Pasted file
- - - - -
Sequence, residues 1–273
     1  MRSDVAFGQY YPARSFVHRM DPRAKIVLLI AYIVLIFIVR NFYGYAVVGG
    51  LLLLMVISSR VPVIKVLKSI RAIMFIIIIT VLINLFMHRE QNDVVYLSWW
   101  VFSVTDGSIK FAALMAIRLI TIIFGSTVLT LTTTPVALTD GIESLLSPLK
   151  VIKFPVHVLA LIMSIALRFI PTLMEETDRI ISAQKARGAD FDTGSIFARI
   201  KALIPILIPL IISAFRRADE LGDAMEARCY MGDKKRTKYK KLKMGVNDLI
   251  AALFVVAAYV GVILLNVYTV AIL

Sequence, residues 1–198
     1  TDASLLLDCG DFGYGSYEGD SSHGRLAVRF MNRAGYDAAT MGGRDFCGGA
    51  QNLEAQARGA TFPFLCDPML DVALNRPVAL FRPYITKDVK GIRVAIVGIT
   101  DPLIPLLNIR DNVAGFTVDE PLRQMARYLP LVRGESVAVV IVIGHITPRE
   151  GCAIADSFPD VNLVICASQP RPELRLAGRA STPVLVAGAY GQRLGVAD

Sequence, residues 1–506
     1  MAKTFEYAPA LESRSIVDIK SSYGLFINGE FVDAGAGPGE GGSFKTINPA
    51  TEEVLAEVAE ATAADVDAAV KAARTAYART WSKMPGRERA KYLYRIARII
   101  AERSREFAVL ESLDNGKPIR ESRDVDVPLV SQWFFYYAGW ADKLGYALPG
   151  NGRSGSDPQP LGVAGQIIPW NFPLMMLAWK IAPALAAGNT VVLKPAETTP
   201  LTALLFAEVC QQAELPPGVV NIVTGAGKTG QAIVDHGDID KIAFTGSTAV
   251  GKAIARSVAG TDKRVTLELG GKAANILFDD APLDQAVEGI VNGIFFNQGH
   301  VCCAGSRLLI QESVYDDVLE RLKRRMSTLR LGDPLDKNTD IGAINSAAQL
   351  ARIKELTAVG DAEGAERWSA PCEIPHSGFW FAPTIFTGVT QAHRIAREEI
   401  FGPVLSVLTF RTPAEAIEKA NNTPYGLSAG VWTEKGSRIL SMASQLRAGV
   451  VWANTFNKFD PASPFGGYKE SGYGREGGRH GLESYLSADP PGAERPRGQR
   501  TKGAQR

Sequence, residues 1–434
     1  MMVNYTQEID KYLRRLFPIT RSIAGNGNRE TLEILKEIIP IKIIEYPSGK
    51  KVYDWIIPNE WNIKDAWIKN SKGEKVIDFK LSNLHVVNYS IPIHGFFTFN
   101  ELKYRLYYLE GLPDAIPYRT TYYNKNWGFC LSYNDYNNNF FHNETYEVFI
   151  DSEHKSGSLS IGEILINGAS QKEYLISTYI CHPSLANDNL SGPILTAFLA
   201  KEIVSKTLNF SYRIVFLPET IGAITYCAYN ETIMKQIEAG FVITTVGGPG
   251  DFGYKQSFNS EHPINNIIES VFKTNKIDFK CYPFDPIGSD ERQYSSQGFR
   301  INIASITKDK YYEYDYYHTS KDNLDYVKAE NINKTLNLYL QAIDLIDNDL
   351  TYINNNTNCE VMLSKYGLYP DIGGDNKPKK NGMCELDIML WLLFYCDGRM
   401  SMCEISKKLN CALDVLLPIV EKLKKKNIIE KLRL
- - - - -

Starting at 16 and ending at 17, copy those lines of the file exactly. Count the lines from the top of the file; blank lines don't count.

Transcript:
   101  AERSREFAVL ESLDNGKPIR ESRDVDVPLV SQWFFYYAGW ADKLGYALPG
   151  NGRSGSDPQP LGVAGQIIPW NFPLMMLAWK IAPALAAGNT VVLKPAETTP